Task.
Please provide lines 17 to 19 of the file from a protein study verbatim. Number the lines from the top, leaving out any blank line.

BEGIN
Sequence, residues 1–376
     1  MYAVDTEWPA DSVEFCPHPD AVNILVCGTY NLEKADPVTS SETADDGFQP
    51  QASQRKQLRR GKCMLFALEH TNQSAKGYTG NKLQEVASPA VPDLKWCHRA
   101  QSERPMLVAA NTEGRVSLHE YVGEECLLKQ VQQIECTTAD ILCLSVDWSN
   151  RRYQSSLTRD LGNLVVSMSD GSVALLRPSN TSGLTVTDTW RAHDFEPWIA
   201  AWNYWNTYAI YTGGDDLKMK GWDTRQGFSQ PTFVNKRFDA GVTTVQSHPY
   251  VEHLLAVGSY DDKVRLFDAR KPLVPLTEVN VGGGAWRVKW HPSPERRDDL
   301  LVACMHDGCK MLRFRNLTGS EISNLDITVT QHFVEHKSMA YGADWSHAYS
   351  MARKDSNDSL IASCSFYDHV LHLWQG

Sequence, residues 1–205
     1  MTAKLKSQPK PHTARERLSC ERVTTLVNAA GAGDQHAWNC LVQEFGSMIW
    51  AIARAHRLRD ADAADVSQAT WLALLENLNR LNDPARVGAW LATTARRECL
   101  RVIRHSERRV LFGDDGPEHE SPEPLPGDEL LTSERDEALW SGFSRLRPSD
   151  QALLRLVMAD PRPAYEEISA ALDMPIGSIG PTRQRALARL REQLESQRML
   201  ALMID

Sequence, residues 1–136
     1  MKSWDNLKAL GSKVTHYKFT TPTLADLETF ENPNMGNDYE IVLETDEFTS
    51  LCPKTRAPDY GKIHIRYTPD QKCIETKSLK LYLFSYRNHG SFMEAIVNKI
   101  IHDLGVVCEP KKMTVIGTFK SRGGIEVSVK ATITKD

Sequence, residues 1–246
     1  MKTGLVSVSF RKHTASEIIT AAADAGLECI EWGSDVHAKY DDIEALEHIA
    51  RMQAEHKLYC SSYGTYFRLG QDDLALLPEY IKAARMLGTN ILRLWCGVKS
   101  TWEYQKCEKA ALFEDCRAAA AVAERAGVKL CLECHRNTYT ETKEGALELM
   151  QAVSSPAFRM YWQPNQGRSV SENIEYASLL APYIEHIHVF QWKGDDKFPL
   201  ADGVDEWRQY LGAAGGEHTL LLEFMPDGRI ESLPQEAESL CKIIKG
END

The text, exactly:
     1  MKSWDNLKAL GSKVTHYKFT TPTLADLETF ENPNMGNDYE IVLETDEFTS
    51  LCPKTRAPDY GKIHIRYTPD QKCIETKSLK LYLFSYRNHG SFMEAIVNKI
   101  IHDLGVVCEP KKMTVIGTFK SRGGIEVSVK ATITKD